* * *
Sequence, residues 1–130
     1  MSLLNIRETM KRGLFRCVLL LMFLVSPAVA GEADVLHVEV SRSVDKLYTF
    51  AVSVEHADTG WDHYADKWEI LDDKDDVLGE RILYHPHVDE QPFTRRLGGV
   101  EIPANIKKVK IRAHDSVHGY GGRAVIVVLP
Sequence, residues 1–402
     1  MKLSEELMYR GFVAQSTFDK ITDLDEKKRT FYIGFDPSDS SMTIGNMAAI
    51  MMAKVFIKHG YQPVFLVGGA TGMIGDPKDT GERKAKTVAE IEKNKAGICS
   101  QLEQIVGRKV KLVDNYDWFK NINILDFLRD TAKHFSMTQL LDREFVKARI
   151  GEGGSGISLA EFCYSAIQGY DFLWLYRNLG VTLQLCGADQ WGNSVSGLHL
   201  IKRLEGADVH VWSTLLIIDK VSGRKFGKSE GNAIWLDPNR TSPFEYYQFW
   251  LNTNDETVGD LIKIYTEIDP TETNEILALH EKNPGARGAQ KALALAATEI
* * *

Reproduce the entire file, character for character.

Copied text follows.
Sequence, residues 1–130
     1  MSLLNIRETM KRGLFRCVLL LMFLVSPAVA GEADVLHVEV SRSVDKLYTF
    51  AVSVEHADTG WDHYADKWEI LDDKDDVLGE RILYHPHVDE QPFTRRLGGV
   101  EIPANIKKVK IRAHDSVHGY GGRAVIVVLP
Sequence, residues 1–402
     1  MKLSEELMYR GFVAQSTFDK ITDLDEKKRT FYIGFDPSDS SMTIGNMAAI
    51  MMAKVFIKHG YQPVFLVGGA TGMIGDPKDT GERKAKTVAE IEKNKAGICS
   101  QLEQIVGRKV KLVDNYDWFK NINILDFLRD TAKHFSMTQL LDREFVKARI
   151  GEGGSGISLA EFCYSAIQGY DFLWLYRNLG VTLQLCGADQ WGNSVSGLHL
   201  IKRLEGADVH VWSTLLIIDK VSGRKFGKSE GNAIWLDPNR TSPFEYYQFW
   251  LNTNDETVGD LIKIYTEIDP TETNEILALH EKNPGARGAQ KALALAATEI